But that’s not leadership – that’s simply people working because you’re paying them money to work. There’s a big difference between compliance and commitment. Entrepreneurs often get compliance with their decisions, but they end up thinking they’re getting commitment.

Leadership is difficult because human nature is complex. Humans are capable of simultaneously admiring and despising people who have a higher status, more money or better prospects than them. This makes the job of a leader tricky because she has to focus on the quality of work and get the job done, despite who did it (an admirer or a hater). The leader has to somehow navigate people’s widely different emotions, desires, and personalities and make them work together to deliver an organization’s goals.  ...  Read the entire post →

Your company’s org chart is more important than you think

Right from the start, an entrepreneur should constantly be thinking about what arrangement of people is most suitable for delivering the goals of the company and what arrangement may be required about a year after. No one else would do this thinking. No employee will come and say fire me and hire a specialist instead. Only an entrepreneur would need to take this call proactively.

Same people in different arrangements lead to different levels of satisfaction and success.

Organization design is simply what roles should be there in the company and how those roles should be related to each other. Many entrepreneurs and CEOs follow industry norms in hiring, and so their organization chart takes a standard shape that’s indistinguishable from their competitors.  ...  Read the entire post →

Aim to be a cult by hiring people who obsess about the same things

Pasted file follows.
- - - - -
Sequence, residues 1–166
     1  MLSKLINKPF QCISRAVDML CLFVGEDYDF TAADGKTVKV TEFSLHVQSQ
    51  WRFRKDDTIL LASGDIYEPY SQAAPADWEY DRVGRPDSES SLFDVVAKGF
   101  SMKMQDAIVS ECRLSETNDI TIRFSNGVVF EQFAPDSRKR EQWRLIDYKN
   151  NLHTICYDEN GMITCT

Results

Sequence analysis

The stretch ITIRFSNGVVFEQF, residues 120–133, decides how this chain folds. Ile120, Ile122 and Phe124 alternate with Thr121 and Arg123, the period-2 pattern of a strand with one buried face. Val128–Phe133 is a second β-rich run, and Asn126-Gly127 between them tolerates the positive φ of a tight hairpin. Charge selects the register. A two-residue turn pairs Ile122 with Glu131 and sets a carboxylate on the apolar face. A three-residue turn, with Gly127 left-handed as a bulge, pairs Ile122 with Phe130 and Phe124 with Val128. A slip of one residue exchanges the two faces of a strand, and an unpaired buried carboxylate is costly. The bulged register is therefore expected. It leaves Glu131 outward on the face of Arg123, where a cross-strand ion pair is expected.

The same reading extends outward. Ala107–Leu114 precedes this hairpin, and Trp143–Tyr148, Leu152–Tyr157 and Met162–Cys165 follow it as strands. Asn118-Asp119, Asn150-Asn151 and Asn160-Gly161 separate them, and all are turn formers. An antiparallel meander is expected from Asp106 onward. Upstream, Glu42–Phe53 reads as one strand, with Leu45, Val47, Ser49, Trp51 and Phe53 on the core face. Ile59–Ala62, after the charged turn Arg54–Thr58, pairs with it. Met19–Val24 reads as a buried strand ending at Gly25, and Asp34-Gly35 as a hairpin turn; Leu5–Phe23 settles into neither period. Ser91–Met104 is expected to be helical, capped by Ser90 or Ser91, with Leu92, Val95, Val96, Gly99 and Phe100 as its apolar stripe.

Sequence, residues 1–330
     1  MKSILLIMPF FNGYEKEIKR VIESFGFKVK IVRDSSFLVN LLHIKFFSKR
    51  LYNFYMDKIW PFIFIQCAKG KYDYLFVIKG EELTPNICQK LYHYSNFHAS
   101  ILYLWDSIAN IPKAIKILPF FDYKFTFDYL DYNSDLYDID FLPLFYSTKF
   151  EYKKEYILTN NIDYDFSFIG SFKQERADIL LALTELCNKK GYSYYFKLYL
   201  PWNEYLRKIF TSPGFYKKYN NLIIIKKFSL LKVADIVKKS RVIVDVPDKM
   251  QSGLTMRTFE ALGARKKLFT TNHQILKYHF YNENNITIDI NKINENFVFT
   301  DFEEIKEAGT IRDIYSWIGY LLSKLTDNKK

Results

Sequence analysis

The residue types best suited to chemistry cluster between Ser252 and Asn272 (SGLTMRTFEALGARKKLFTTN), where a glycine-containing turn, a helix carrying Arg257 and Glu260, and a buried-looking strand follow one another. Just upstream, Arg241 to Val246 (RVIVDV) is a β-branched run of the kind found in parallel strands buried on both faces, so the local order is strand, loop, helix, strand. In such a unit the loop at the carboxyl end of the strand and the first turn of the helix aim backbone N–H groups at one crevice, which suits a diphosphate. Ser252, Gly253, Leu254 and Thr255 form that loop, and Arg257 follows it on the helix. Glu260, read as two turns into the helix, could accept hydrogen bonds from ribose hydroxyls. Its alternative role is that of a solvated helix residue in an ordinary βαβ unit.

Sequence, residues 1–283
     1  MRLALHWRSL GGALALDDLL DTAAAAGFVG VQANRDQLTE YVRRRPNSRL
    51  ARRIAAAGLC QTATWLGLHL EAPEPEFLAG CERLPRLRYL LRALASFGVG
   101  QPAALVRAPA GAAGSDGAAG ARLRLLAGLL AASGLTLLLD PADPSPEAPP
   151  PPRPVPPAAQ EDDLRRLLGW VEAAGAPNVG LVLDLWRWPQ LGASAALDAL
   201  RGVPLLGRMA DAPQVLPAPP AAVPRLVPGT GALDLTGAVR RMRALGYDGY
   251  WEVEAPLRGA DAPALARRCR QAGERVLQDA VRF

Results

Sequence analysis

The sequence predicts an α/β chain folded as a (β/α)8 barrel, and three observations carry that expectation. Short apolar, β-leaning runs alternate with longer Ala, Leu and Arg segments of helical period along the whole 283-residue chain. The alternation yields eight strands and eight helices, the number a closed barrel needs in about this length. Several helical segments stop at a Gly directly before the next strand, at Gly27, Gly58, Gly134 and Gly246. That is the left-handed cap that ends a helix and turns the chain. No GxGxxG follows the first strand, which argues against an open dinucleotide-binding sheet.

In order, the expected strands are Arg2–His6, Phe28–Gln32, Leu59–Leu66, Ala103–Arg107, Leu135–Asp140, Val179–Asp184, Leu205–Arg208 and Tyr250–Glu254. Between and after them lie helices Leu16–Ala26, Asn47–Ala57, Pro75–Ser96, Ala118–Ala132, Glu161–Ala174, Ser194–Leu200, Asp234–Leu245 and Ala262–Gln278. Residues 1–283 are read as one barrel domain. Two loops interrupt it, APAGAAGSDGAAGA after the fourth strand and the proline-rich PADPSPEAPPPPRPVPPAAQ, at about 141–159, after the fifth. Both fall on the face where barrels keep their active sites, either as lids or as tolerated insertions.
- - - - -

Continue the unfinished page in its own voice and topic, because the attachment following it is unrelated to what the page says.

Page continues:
Cults obsess about arcane stuff that nobody else cares about. Most of the time, they keep it to themselves and the rest of the world ignores them. But if they discover something valuable, the rest of the world benefits.

Most mainstream phenomena start as a cult. Veganism was once a cult, and so was the idea of the US as a country. Science began as a cult when the Royal Society of London adopted Nullius in verba as its motto. By asking its members to “take nobody’s word of it”, the Royal Society became attractive to certain people and extremely unattractive to other people. This cohesion of views is what laid the foundation of modern science’s growth from a startup to a major force in the world. ...  Read the entire post →

The number one job of a founder is to communicate clarity

In the very early stages when there are few people in the organization, only a few projects are running at any point in time. The founder typically knows how such projects connect with and reinforce each other to produce an output that’s more than the sum of its parts.

Organizations amplify the directions coming from the top

As an extreme example of this, consider the organization when it is just one person: the founder. This person has the luxury of high bandwidth communication between different concepts sitting in his/her brain. The product manager, the marketer, the developer, the designer – all are sitting in the same brain of the founder, and hence alignment of their actions is a natural outcome. Whenever there’s an impulse in one part of the brain (like launching a new feature), another part of the brain immediately pitches in to prevent it from getting misaligned (like wondering – how will this feature sell?). ...  Read the entire post →

People don’t leave companies, they leave their bosses

It’s a common way of saying that so and so has left a particular company to join another company. Actually, a company is an abstraction for the group of people who comprise it. So, often, what people exit from is not the company but their interactions with their team in the company.

Most people would stick around as long as they’re treated with respect, paid fairly, instructed clearly and given work that usually falls within their abilities but sometimes challenges it, giving them opportunities to grow. Good bosses ensure that they create such conditions for people. ...  Read the entire post →